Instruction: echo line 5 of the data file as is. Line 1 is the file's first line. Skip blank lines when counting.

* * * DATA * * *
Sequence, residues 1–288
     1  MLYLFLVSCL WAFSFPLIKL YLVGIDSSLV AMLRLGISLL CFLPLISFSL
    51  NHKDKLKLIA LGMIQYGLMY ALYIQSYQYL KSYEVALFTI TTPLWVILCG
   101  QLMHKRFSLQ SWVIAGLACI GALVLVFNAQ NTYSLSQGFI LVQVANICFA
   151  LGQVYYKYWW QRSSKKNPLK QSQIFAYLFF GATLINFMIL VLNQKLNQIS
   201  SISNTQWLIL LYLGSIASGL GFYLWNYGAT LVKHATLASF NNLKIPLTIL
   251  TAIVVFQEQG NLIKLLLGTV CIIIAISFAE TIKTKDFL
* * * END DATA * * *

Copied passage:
   151  LGQVYYKYWW QRSSKKNPLK QSQIFAYLFF GATLINFMIL VLNQKLNQIS